Culture of Caring

On the Bright Side

Have you seen the good news about the drop in suicide deaths for 2019? Something happened to cause the decrease for the first time in 20 years.

What are we doing right? I think we’re finally talking out loud about suicide. Struggles with mental illness, trauma, and other causes are being discussed openly. The stigma is losing its grip. Lots of people are learning about warning signs and risk factors, especially teachers, students, and parents. Kids are more willing to tell on each other —in a good way. They’re learning that it’s better to try to get help for a friend than to lose one to suicide.

So whatever you are doing to increase awareness about suicide prevention, please keep doing it! It is working. Even though data for 2020 will be different because of the pandemic, if we keep talking about it in 2021, 2022, 2023, and beyond, I believe we can make a difference!   

If you or someone you know someone who is struggling, put these numbers in the contacts list on your phone. You are not alone. Help is just a phone call or text message away.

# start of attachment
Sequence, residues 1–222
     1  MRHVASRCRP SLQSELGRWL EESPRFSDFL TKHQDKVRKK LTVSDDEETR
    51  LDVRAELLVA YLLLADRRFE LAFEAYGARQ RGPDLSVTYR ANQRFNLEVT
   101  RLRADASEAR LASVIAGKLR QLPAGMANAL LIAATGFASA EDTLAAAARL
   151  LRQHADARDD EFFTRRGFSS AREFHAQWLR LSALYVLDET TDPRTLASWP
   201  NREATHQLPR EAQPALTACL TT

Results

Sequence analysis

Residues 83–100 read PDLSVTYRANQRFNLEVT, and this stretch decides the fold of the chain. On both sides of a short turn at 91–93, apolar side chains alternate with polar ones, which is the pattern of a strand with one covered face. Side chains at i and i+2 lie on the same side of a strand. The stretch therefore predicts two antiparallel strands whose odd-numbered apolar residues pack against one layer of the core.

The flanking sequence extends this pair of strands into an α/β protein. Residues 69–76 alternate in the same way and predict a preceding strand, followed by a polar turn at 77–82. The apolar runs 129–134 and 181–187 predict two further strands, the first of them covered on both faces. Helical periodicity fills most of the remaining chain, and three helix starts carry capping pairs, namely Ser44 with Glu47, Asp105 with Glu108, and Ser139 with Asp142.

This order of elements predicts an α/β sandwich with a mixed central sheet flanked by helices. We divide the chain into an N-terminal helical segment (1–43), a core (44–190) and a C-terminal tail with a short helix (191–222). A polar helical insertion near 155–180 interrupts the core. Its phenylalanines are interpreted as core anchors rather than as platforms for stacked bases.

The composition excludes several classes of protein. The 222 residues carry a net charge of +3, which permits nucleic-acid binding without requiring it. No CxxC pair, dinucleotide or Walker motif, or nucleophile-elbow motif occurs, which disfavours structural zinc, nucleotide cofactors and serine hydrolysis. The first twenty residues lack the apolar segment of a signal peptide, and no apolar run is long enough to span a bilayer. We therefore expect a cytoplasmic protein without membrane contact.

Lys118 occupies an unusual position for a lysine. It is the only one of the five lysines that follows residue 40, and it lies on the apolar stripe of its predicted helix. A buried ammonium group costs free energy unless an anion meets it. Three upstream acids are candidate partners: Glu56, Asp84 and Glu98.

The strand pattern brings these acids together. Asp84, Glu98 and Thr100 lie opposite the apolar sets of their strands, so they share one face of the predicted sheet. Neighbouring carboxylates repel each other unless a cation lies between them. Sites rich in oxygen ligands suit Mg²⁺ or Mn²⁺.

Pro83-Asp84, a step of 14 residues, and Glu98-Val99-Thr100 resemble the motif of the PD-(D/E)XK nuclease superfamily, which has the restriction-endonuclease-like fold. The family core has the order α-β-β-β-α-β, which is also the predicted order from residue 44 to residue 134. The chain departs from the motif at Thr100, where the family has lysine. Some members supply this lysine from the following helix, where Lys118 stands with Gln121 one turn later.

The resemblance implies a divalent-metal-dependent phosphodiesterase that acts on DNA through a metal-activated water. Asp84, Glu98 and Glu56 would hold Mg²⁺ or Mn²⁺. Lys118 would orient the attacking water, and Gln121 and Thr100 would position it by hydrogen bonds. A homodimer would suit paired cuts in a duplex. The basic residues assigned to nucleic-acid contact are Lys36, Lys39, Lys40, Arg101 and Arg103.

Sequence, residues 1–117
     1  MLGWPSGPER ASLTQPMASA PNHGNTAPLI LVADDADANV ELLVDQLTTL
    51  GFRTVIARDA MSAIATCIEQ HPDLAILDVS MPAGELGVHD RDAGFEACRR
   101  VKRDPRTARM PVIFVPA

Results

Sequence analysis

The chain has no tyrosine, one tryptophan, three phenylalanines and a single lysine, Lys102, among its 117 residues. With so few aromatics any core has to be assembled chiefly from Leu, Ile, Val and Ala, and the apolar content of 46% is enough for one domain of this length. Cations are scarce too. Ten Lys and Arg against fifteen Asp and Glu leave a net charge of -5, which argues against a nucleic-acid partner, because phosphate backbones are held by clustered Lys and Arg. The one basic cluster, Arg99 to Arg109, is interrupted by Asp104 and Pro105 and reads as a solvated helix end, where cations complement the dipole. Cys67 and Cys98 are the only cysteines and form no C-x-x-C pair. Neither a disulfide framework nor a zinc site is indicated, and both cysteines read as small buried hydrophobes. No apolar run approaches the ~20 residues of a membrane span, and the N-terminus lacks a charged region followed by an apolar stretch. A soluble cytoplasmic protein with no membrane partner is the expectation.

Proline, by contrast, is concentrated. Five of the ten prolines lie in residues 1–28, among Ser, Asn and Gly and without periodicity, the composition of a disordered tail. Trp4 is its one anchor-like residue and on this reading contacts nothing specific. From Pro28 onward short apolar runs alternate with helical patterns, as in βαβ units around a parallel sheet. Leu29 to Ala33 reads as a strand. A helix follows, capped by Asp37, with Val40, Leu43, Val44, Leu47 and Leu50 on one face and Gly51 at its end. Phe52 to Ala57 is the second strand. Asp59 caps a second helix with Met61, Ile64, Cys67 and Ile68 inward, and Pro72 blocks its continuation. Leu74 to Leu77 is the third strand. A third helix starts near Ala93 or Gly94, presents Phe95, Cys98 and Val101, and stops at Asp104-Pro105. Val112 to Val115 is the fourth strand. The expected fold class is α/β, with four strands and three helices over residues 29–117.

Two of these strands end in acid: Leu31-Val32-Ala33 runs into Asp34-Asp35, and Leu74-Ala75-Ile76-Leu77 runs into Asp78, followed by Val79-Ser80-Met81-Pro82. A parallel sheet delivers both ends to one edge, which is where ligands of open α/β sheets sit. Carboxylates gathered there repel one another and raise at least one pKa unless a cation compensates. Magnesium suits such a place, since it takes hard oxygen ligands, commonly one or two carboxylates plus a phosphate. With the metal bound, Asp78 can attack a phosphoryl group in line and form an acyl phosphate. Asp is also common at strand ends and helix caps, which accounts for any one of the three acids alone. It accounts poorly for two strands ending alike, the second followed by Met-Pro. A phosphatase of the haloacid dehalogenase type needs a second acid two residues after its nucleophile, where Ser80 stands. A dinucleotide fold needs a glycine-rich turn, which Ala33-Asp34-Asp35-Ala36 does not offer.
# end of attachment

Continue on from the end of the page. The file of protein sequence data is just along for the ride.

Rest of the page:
• The National Suicide Prevention Lifeline – 1.800.273.8255 (TALK)
    • The Trevor Lifeline – 1.866.488.7386
    • Crisis Text Line – 741741

Learn about suicide prevention for schools.

Register for a free webinar on March 31, 2021.

What K-12 School Leaders Need to Know About Suicide Prevention

and read

 A Culture of Caring; A Suicide Prevention Guide for Schools (K-12)

A Culture of Caring: A Suicide Prevention Guide for Schools (K-12) was created as a resource for educators who want to know how to get started and what steps to take to create a suicide prevention plan that will work for their schools and districts. It is written from my perspective as a school principal and survivor of suicide loss, not an expert in psychology or counseling. I hope that any teacher, school counselor, psychologist, principal, or district administrator can pick up this book, flip to a chapter, and easily find helpful answers to the questions they are likely to have about what schools can do to prevent suicide.

Theodora Schiro